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Constitutional Reform Act 2005

Complaints and references

Section 99 : Complaints: interpretation

308.Section 99 describes two types of complaint about the appointment process: a Commission complaint, where the complaint is about the Commission’s handling of a candidate for judicial appointment’s application; and a departmental complaint, where the complaint is about the Lord Chancellor or his Department’s handling of the application. Those entitled to complain are those who have applied for selection or have been selected, and claim to have been adversely affected by the maladministration about which they are complaining. It will not be possible under the Act for other members of the public to complain about the fact that someone else has, or has not, been selected for judicial appointment.

Section 100: Complaints to the Commission or the Lord Chancellor

309.Section 100 requires the Commission and the Lord Chancellor to make arrangements for handling the complaints made to them. It will not, however, be mandatory for either of them to investigate a complaint that is made more than 28 days after the matter complained of. Complainants will need to make a complaint under this section before they can complain to the Ombudsman about maladministration in making an appointment.

Section 101: Complaints to the Ombudsman

310.Section 101 provides that the Ombudsman must consider complaints which have been made under section 100 if the complainant refers the complaint to the Ombudsman within 28 days of the complainant being notified of the Commission or Lord Chancellor’s decision in relation to their original complaint. If the Ombudsman does not think the complaint requires investigation he must inform the complainant; otherwise he must conduct an investigation. The Ombudsman has discretion to consider complaints received out of time. Any complaints made to the Ombudsman must be in a form approved by him. Section 101 goes on to provide that unresolved complaints made to the existing Commissioners for Judicial Appointments at the time these provisions are brought into force will be transferred to the Ombudsman, who will have a discretion to investigate them. No further complaints to the Commissioners for Judicial Appointments about such matters will be possible.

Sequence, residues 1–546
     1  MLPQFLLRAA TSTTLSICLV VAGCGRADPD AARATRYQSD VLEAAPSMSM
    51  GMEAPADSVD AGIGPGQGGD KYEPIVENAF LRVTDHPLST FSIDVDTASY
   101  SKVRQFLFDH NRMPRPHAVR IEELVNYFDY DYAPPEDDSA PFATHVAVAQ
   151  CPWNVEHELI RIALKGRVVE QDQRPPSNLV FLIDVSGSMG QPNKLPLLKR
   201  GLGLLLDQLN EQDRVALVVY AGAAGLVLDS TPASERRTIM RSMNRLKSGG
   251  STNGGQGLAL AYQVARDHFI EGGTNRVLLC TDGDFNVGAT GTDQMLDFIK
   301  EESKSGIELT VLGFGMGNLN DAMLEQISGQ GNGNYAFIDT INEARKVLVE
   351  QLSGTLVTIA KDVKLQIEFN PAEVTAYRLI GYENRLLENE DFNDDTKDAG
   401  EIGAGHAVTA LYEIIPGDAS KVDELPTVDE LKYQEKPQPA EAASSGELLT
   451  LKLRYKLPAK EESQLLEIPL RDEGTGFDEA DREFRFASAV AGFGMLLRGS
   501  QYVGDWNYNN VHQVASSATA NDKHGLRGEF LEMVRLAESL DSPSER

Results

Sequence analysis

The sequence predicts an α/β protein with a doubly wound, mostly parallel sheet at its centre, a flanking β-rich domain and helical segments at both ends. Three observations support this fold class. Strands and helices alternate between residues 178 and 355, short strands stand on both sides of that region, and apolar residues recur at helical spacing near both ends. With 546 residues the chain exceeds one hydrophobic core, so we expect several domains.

Section 102: Report and recommendations

311.The Ombudsman must prepare a report on his findings on a complaint, with any recommendations, including any recommendation for the payment of compensation. Compensation would only be payable for loss suffered as a result of maladministration, and not in respect of any earnings the complainant would have received had his application for appointment been successful.

Section 103: Report procedure

312.The Ombudsman must submit his report in draft to the Lord Chancellor, and to the Commission, if it was a Commission complaint. The Ombudsman must have regard to their proposals for amendment, and if their proposals are not reflected in his final report he must include a statement of those proposals. The Ombudsman must send the final report to the Lord Chancellor and, if it was a Commission complaint, to the Commission. He will also send a copy of the report to the complainant, but this version is not to contain confidential information relating to someone other than the complainant and the disclosure of which would otherwise be prohibited by section 139.

Section 104: References by the Lord Chancellor

313.Section 104 allows the Lord Chancellor to refer to the Ombudsman any matters relating to the Commission’s procedures, and for the Ombudsman to report on his investigations. The report, which must be signed by the Ombudsman personally, will include his findings and any action he recommends.

Section 105: Information

314.The Commission and the Lord Chancellor must provide the Ombudsman with any information he reasonably requires relating to his investigations.

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